Attacks on the Affordable Care Act are remarkably ill-informed
A recent letter from a reader ("Obamacare won't be missed," Jan. 7) exemplifies the disinformation that is so prevalent among opponents of the Affordable Care Act.
The writer asserts that the ACA was passed with little knowledge of its contents based on an out-of-context 2010 statement from Nancy Pelosi that the bill had to be passed to find out what was in it. Perhaps we need to get rid of it, he suggests, to see if there is anything within it worth salvaging.
When House Speaker Pelosi made that statement in March 2010, she was lamenting the fact that the public was notably unaware of the actual contents of the bill and what it would do for the American people amid all the coverage of contention and process rather than substance. Her statement reflected the hope that this information would become more widely known upon passage of the bill.
As others have reported recently, the ACA was the subject of many hearings and votes before final passage, having worked through Congress for a year. Multiple committees reviewed and passed it. It passed in two full votes in the House of Representatives and one vote in the Senate, and it was evaluated by the Congressional Budget Office.
And yet, incredibly, this writer appears to be totally ignorant of the ACA's workings and its impact upon the public even three years into its full implementation. Certainly, he must be aware that the ACA made it possible for those with a pre-existing condition (which includes me) to be able to obtain health insurance in the individual market. And he must know that the ACA made it possible for those 26 and under (including my daughter) to remain covered under their parents' health insurance until they are able to obtain their own.
But there are other elements of the law that have positively impacted health care delivery for everyone, not just the 20 million people who gained coverage under the ACA. These include spurring innovation in health care delivery and payment models to improve health outcomes and keep costs under control. Indeed, the CBO projected last August that 2016 federal health care spending would be $120 billion less than they had projected for the same period in August 2010. The CBO projects $34 billion in federal spending savings over the next 10 years from the activities of the Center for Medicare and Medicaid Innovation alone.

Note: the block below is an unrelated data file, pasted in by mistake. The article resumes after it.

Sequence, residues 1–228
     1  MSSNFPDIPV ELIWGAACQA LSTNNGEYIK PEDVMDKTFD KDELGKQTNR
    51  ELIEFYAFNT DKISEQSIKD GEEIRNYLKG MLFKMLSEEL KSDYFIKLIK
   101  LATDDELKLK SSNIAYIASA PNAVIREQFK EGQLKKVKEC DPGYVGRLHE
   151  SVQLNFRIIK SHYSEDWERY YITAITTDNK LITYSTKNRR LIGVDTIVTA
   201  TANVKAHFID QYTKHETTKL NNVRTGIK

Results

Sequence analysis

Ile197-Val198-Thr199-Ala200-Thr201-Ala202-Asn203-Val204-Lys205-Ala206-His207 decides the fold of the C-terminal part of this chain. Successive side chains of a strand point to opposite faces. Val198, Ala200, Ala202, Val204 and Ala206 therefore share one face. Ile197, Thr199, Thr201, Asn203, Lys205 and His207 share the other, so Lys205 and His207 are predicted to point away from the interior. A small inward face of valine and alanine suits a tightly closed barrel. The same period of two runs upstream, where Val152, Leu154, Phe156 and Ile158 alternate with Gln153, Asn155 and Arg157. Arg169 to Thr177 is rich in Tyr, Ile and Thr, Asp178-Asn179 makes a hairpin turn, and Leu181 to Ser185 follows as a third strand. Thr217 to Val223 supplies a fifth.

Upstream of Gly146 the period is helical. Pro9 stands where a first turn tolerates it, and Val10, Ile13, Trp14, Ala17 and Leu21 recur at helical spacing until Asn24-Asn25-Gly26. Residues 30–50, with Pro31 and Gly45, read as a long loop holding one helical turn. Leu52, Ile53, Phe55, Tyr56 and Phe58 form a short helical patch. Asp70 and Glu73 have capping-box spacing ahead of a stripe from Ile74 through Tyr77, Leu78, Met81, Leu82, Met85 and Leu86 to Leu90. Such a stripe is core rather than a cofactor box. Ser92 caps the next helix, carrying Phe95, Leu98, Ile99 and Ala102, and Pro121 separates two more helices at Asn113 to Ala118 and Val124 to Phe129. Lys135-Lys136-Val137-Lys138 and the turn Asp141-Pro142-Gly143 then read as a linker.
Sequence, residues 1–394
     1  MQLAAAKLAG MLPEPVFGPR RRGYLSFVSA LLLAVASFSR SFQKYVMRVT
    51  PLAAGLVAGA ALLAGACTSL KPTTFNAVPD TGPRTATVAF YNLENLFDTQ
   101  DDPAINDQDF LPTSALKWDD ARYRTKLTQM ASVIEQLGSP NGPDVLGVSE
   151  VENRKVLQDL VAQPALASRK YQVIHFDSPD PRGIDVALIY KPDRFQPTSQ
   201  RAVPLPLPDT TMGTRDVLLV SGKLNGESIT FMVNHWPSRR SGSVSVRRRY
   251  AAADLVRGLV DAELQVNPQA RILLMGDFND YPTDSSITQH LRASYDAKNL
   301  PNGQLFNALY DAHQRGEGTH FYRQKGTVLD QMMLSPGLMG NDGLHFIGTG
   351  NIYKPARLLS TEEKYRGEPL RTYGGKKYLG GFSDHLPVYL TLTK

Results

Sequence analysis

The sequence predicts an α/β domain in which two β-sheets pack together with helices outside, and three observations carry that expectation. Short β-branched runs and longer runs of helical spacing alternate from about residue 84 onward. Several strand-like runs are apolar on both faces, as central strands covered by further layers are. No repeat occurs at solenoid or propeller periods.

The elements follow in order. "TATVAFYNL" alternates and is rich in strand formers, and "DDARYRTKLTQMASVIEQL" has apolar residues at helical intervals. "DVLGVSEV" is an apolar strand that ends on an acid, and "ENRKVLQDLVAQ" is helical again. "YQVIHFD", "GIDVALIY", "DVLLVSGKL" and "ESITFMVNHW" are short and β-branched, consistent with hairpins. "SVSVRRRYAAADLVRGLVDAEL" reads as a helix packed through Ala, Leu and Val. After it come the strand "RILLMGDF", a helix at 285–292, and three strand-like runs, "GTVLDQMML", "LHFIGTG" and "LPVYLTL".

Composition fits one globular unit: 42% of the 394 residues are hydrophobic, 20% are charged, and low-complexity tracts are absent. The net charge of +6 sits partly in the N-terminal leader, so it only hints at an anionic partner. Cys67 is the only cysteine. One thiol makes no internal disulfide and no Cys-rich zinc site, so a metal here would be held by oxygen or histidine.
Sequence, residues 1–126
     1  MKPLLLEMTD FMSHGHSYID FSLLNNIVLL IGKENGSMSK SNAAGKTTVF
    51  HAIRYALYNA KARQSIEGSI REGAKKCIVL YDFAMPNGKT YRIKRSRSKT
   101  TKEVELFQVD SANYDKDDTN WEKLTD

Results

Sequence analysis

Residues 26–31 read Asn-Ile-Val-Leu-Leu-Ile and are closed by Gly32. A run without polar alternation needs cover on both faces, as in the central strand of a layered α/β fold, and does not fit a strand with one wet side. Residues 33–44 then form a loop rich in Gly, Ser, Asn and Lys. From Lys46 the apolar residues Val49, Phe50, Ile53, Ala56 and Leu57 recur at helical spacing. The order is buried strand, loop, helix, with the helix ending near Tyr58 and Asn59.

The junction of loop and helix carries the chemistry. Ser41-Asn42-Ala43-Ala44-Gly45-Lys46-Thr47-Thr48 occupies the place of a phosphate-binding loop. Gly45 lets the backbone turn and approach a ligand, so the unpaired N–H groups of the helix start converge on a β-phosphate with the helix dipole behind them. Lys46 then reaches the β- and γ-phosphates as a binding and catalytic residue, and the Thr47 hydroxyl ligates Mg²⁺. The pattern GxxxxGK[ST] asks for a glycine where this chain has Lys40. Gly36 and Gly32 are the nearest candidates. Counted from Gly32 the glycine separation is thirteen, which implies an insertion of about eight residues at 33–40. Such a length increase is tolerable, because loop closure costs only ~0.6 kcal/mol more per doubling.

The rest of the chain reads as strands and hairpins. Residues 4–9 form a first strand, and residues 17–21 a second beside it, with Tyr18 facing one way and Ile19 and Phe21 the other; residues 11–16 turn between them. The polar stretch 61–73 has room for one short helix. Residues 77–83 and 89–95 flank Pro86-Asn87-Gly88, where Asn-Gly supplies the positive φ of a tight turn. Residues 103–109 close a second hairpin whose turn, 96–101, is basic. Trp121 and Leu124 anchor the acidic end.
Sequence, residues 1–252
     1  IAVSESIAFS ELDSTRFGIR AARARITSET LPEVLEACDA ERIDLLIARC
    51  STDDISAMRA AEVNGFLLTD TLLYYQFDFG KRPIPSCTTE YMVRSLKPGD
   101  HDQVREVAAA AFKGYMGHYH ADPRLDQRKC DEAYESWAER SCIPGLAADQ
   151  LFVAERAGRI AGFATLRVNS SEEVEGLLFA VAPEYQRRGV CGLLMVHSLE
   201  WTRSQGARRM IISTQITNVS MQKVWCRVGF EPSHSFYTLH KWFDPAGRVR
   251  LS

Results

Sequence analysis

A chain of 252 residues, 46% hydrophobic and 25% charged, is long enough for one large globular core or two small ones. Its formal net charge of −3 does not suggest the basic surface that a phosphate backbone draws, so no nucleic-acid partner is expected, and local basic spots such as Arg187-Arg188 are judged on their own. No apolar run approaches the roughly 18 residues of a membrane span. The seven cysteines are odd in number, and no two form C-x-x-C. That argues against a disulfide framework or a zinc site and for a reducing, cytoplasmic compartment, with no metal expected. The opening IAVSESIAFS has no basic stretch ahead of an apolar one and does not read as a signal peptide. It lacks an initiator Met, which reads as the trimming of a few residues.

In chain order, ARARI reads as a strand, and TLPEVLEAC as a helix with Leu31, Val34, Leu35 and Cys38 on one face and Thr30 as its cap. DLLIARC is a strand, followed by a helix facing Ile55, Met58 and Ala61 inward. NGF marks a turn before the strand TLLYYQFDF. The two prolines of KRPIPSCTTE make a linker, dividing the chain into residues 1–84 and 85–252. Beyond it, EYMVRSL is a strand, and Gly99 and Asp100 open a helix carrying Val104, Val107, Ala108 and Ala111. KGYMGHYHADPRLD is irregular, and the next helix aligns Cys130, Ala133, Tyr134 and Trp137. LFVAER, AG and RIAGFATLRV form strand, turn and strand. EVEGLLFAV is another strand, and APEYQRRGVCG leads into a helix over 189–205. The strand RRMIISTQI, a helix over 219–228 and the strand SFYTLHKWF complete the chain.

Some of this projected spending reduction may be due to Congress' failure to appropriate funds under the act intended to mitigate the risks insurers took upon entering the new exchange markets. This is one of the factors behind the recent exit of some insurers from the exchanges and the large increase in 2017 premiums. Enrollment in 2017 exchange plans increased, however, despite these premium increases, underscoring how important this insurance coverage is to those who have it.
The positive impact of the ACA on millions of Americans is no mystery; nor is there any mystery as to what can be improved in it. For instance, premiums have risen recently because many healthy people have chosen to pay a tax penalty rather than obtain health insurance. They still benefit from the pre-existing conditions provisions if they later become ill and need insurance. The penalty should be increased so that it is cheaper to sign up for insurance than pay the penalty, which should reduce premiums.
Some object to being forced to buy insurance. But they don't complain when the federal government steps in to help them when a tornado or hurricane or flood or earthquake strikes. All Americans pay for that "insurance" through taxes because we all know that it could be us in need one day. The same principle applies to health care.